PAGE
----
After previously saying she doesn’t want to “relitigate” past statements and calling opposition criticism “offensive,” Danielle Smith issued a public apology Tuesday evening.
The new Alberta premier said she made “ill-advised comments on Russia’s invasion of Ukraine” prior to being elected leader of the United Conservative Party on Oct. 6.
“My knowledge and opinion of this matter have drastically evolved since that time, and I apologize for those previous comments,” Smith said in a statement on social media. The Twitter comments on her post were turned off.
In a livestream on Locals.com on April 29, Smith was asked about her thoughts on the “peace plan for Ukraine, Russia.” She answered by giving a hypothetical where Canada has nuclear weapons and is aligned with Russia, and how that would upset the U.S.
“So, why would we be surprised if Russia is upset because Ukraine has nuclear weapons and is aligned with the United States?” she said. “I think the only answer for Ukraine is neutrality.”
In a post on Feb. 24, Smith also wondered if areas of Ukraine should be allowed to break away and govern themselves independently if they want.
“It seems to me the great powers of the world did a terrible job defining the new borders of countries after WWII. So much of the conflict we have had since is due to different people being crammed under one national government that don’t like each other,” the post said.
Smith also suggested Ukraine give up its nuclear weapons, something that happened in the 1990s.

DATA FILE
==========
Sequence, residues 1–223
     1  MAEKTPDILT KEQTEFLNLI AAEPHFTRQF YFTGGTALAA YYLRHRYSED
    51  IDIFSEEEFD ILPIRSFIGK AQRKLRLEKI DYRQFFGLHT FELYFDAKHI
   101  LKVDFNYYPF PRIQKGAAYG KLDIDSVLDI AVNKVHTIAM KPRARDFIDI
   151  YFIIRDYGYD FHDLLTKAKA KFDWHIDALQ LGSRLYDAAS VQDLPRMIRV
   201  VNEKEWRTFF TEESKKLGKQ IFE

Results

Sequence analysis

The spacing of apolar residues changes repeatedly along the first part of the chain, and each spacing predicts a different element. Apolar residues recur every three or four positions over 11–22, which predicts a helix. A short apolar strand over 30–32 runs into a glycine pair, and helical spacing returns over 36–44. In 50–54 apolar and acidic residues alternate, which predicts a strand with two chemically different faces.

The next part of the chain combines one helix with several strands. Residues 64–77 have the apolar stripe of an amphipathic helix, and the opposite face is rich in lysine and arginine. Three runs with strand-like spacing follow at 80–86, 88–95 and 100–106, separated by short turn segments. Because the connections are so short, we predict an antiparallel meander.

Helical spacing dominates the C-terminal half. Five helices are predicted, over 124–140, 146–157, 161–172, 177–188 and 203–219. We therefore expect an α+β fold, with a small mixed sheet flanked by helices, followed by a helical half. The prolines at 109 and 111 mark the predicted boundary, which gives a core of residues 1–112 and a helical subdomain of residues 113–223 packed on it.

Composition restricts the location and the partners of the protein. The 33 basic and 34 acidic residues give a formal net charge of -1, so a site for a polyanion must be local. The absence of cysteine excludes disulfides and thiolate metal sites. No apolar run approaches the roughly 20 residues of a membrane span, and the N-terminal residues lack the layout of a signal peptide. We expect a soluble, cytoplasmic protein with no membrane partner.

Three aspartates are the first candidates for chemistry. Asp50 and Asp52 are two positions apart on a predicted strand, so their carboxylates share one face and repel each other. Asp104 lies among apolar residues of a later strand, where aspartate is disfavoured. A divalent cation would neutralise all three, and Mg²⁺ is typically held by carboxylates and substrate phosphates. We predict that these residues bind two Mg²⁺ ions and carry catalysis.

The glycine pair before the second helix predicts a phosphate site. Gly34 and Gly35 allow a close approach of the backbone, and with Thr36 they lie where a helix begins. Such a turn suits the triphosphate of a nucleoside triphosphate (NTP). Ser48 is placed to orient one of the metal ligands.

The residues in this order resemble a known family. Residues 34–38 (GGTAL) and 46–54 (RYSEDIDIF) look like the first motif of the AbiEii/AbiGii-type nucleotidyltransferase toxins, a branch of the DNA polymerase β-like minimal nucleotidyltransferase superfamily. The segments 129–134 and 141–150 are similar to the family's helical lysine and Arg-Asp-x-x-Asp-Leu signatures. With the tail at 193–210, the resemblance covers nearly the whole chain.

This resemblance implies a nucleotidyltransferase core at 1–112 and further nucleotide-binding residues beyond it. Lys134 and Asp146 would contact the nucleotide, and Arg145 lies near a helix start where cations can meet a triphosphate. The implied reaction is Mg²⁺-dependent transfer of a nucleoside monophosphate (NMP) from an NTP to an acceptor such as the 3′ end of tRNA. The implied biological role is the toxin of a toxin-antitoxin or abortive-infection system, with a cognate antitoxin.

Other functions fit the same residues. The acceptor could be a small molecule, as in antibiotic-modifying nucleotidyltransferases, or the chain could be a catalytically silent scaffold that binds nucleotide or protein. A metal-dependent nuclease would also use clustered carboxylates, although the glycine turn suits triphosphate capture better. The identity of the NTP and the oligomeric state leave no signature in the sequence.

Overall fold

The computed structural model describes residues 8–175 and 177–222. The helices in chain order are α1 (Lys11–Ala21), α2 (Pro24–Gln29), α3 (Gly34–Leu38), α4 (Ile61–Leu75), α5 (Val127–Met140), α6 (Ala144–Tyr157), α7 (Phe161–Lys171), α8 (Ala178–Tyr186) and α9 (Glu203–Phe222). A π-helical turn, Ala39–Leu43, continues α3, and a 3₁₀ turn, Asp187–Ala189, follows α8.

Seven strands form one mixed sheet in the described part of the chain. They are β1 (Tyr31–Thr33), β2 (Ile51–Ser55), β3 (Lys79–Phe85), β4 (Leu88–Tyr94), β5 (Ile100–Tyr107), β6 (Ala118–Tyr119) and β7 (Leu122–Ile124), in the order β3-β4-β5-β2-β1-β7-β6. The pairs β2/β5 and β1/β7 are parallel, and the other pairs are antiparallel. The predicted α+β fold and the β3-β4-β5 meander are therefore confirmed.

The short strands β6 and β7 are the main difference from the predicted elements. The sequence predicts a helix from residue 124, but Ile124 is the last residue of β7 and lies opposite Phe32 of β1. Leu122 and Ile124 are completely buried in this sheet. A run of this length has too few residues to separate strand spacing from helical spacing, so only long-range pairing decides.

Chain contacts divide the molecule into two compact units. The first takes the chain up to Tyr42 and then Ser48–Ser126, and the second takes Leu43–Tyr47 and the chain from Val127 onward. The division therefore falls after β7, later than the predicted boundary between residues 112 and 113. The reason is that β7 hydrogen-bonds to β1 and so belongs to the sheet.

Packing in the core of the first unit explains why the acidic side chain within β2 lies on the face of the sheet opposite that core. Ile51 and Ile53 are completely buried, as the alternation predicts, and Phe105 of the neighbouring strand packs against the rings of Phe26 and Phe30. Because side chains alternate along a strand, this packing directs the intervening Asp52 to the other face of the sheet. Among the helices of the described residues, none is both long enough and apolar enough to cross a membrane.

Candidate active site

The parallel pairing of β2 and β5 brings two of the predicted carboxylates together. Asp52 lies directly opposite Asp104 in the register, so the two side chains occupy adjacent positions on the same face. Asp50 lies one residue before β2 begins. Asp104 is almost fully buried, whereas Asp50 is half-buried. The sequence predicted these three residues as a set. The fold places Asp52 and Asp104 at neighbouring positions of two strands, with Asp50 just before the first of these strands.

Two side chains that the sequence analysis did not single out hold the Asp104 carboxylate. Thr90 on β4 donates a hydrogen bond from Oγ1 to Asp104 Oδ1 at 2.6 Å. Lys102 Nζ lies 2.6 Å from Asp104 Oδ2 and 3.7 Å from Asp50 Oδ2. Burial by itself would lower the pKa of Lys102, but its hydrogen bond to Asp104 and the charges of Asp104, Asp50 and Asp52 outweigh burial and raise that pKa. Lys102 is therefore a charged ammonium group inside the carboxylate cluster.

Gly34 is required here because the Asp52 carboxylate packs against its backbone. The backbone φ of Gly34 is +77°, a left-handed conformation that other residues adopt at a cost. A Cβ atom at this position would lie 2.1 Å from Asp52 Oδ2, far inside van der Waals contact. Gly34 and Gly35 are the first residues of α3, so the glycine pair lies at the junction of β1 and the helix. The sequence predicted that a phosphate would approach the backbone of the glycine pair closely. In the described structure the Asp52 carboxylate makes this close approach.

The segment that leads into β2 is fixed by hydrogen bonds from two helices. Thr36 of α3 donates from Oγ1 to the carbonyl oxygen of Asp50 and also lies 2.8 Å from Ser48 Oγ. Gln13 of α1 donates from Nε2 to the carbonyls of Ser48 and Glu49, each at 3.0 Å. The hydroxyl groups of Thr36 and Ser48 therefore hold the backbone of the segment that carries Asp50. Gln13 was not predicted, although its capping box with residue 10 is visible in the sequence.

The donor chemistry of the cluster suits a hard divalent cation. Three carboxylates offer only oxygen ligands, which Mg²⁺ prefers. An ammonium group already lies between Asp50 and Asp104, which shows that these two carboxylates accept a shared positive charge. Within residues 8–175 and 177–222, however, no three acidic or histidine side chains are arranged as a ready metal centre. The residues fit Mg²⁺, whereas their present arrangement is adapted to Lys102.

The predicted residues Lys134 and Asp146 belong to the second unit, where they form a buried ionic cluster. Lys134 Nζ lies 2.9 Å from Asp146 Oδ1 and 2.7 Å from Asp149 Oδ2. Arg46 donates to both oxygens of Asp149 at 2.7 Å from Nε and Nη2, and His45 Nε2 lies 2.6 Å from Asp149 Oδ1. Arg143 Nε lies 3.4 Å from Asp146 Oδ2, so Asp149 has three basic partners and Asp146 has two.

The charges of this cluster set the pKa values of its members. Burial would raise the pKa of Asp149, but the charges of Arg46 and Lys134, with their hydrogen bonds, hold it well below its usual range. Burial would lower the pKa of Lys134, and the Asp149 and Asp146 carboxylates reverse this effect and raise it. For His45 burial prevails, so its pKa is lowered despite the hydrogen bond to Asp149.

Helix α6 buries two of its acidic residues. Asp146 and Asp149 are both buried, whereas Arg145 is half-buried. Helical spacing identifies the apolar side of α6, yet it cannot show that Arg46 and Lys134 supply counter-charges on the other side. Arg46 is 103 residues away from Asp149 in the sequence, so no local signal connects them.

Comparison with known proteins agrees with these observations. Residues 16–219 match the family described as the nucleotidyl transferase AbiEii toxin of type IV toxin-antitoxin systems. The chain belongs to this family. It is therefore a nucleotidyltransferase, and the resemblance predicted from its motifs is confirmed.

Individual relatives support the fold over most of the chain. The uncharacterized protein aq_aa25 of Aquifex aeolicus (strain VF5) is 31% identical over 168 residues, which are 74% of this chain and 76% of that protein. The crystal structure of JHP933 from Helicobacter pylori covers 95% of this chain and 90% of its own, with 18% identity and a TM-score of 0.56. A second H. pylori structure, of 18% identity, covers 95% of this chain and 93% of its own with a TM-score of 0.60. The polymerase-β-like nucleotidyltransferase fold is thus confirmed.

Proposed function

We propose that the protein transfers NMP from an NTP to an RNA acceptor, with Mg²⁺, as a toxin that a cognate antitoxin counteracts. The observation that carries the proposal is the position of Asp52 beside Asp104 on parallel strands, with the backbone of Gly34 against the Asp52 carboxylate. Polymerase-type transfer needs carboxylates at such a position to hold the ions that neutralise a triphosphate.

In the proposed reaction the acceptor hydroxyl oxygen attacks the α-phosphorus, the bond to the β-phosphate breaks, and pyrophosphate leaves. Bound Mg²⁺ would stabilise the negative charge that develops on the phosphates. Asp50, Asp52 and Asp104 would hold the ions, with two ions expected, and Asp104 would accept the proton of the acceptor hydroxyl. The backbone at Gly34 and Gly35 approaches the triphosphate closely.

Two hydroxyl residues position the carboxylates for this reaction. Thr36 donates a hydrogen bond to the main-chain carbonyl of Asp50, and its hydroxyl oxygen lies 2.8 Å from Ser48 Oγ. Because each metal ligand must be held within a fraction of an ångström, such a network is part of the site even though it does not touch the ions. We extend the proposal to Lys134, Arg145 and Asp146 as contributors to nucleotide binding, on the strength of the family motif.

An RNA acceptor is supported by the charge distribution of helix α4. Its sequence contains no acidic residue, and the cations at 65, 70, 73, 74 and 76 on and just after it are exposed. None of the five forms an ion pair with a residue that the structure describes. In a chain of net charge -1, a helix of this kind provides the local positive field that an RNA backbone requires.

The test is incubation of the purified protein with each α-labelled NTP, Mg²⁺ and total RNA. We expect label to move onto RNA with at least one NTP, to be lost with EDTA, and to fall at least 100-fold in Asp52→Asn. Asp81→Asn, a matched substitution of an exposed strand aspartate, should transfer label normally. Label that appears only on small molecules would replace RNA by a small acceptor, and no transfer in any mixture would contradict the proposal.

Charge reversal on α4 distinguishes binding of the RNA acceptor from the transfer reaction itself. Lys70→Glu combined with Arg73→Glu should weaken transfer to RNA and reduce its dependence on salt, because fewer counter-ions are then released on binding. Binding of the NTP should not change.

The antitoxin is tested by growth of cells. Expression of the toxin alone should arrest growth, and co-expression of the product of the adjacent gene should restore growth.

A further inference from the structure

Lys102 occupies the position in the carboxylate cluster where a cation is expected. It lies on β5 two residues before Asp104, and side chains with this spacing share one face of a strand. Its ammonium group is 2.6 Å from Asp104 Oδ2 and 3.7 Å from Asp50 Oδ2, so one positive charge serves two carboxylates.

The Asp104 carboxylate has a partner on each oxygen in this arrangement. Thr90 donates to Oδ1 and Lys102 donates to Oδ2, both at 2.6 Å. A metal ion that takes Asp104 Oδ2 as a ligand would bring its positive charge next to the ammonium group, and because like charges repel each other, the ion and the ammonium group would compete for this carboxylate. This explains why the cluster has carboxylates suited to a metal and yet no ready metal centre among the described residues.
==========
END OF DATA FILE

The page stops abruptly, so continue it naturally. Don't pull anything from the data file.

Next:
A board member of the Canada-Ukraine Foundation said Smith’s comments “demonstrate a profound ignorance of history,” and opposition critic Sarah Hoffman called her statements “tone deaf” and “cruel.”
The UCP held a caucus meeting in Sylvan Lake on Tuesday where several MLAs dodged questions about Smith’s controversial comments.
“I think it’s fair you ask her for details on what she may or may not have meant (about the war), so I won’t speak for the premier,” finance minister Jason Nixon said, adding he agrees with Smith on how to “support” Ukraine.
In her apology, Smith said she’s directed her staff to “reach out to Alberta’s Ukrainian community leaders” in order to see what more Alberta can do to help refugees settle in the province.
Smith also issued a statement last week to “clarify” but not apologize for saying unvaccinated Canadians are the “most discriminated group” she’s witnessed in her lifetime.
With files from CTV News Calgary’s Nicole Di Donato and The Canadian Press
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